Interview with Bob Toxen, Author of "Real World Linux Security"
by Mirko Zorz - Monday, 16 December 2002.
I slept very little. I did just enough for my clients so that they did not find someone else to help them. This obsession resulted in a much better book. I saw my contribution to Linux and Open Source was to help secure it. While Linux (and Unix) is capable of very good security, people did not know how. With my knowledge of security and some ability to write I saw this as my greatest contribution to Open Source. The book also is very useful to Unix System Administrators.

What's your take on the adoption of Linux in the enterprise? Do you think it will give a boost to security?

Linux continues to "Eat Bill's lunch" and that of the Unix vendors. With the desktop work that has been done recently and several Distributions' work for easier installs, Linux is ready to take over the desktop market too. I think that the poor economy internationally has helped Linux.

Any old PC can run Linux quickly for no money and troublefree operation. The latter means far less support costs. Microsoft just announced that it no longer will support its flagship Office for previous Windows versions, to "force" people to buy its new stuff; I think many will switch to Linux instead.

SuSE just announced its Open Exchange product. There are several Open Source Linux-based clients for MS Exchange. Almost everyone has heard of Linux now. IBM advertises it on television. Non-geek friends want to try it.

What do you think about the full disclosure of vulnerabilities?

Full disclosure of vulnerabilities forces vendors to fix their security problems quickly and it counteracts the lies of insecure vendors that their software is secure. This seems to be why Microsoft is lobbying the U.S. government to outlaw full disclosure and Hewlett-Packard (HP) is trying to imprison someone under DMCA who disclosed HP vulnerabilities. It was disclosed only after HP refused to acknowledge the problem or repair it.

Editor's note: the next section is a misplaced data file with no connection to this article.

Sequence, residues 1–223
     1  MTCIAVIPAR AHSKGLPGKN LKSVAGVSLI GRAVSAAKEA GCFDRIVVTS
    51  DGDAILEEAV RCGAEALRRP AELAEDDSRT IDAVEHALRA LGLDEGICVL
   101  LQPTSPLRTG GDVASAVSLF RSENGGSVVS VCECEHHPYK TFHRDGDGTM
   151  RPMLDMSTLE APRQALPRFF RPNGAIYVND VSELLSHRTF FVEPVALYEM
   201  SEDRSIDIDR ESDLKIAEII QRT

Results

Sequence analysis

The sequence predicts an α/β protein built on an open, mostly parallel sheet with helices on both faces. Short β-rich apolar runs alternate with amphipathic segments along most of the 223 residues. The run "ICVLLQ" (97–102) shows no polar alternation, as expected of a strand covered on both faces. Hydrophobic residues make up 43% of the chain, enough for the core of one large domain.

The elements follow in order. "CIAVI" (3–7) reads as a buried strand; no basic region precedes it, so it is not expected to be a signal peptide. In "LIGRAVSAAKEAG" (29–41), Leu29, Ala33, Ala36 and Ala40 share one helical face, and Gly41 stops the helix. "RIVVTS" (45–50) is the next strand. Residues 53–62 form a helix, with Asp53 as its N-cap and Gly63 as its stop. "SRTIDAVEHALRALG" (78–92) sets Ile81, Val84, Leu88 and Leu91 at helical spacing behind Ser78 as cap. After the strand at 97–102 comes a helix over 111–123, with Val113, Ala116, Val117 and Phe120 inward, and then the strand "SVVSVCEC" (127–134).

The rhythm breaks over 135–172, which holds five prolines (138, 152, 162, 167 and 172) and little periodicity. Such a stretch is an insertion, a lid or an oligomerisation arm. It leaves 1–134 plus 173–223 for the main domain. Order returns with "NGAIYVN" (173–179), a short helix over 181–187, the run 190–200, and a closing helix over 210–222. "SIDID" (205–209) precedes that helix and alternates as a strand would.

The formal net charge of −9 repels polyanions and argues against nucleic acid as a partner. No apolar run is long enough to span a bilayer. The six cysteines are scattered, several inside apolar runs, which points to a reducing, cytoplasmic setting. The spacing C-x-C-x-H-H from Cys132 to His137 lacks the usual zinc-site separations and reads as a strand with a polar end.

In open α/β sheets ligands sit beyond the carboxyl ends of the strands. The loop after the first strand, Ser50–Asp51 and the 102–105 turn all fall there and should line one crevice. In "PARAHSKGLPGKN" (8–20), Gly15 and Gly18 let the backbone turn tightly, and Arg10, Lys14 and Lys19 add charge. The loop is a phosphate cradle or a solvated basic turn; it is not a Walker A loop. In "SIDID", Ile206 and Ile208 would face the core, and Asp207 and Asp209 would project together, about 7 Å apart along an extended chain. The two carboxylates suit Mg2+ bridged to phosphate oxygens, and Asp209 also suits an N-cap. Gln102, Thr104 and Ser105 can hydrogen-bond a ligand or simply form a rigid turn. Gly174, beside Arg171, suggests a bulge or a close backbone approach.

What are your future plans? Any exciting new projects?

Since finishing the book two months ago, I have created a Linux-based Enterprise-class Virus filter and Spam filter and installed them at various clients. I am finishing an article on a novel way to trace Distributed Denial of Service (DDoS) attacks so that they may be stopped much faster. I am growing my network security consulting business.

What is your vision for Linux in the future?

Linux will replace Windows and Unix as the universal operating system for everything from embedded systems and PDAs to the biggest systems. Linux's Open Source nature and the peer pressure from its users will prevent Microsoft, IBM, or anyone else from forcing people to use inferior proprietary software again.

More governments will join China, France, and Mexico in officially preferring Linux over Microsoft for its better quality and lower cost of ownership. There is a Chinese edition of Real World Linux Security from China Machine Press.

People will have personal lives again rather than having to reinstall their Windows systems or retype their documents every weekend following crashes.


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